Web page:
When you have 12 minutes to spare, listen to Tony Hiss talk about his new book on this excellent episode of Living On Earth, and if you decide to buy the book and want to avoid Amazon click the image of the book below:
Climate change is placing stress on plants and animals to rapidly adapt but without intact habitat, that could become impossible for many. Tony Hiss is an award-winning author and joins Host Bobby Bascomb to talk about his book Rescuing the Planet: Protecting Half the Land to Heal the Earth, which looks at several places across North America where communities are already working to protect habitat and biodiversity.
BASCOMB: It’s Living on Earth, I’m Bobby Bascomb.
During his first few days in office President Biden announced the goal of protecting 30 percent of US land and water by the year 2030 with a long term goal of 50 percent by 2050. It’s an ambitious goal but one that scientists say is necessary if we are to avoid a mass planetary extinction. According to a UN report, roughly 1 million plant and animal species are already threatened with extinction including 40 percent of amphibians and a third of all marine mammals. Climate change is placing stress on plants and animals to rapidly adapt but without intact habitat, that could become impossible for many. So, in addition to slowing the trend of climate change, our best bet for preserving biodiversity is to protect habitat. And that is the focus of a new book by Tony Hiss titled, Rescuing the Planet: Protecting Half the Land to Heal the Earth. In it Tony takes a close look at several places across North America where people are already working to protect habitat and biodiversity. And he joins me now, welcome to Living on Earth Tony!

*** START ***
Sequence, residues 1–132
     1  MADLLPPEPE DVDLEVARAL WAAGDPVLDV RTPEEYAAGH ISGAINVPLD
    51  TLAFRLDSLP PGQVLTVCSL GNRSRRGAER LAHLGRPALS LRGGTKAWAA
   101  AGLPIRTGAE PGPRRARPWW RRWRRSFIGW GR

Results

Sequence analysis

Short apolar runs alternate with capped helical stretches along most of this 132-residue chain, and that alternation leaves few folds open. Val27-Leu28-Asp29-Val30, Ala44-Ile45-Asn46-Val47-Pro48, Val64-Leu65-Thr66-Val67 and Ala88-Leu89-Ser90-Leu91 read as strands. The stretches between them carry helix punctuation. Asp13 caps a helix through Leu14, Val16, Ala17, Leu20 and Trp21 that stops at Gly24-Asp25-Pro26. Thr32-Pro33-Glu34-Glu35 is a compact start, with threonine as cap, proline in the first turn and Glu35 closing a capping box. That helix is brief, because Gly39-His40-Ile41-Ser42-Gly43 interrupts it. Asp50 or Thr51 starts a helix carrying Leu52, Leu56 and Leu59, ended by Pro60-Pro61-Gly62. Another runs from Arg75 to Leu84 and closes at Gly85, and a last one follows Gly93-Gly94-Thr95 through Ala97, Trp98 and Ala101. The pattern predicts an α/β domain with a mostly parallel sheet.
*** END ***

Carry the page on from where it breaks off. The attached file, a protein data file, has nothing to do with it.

HISS: Thank you, Bobby. It’s quite a pleasure to be with you.
BASCOMB: One focus of your book is the Boreal Forest in Canada and Alaska. Can you first please describe the Boreal for somebody who’s never been there and give us a sense of the scale of the place and its importance.
HISS: You know, it’s hard for a city boy like me to wrap my mind around a place like the Boreal even though I’ve now been there. It is perhaps the largest and most intact wildness left on planet Earth. It’s way up at the top of Canada stretches into Alaska, it’s 3,700 miles long, it’s 1,000 miles from top to bottom. Extraordinary landscape, less cut over than the Amazon less cut over than the Siberian rainforest. And you get the kind of astonishment that we think people like Marquette and Jolliet sailing down the canoes down the Mississippi in 1673, found, or the Lewis and Clark found as they went West for Jefferson in the early 19th century. It’s there, it’s intact…
Listen or read the full transcript here.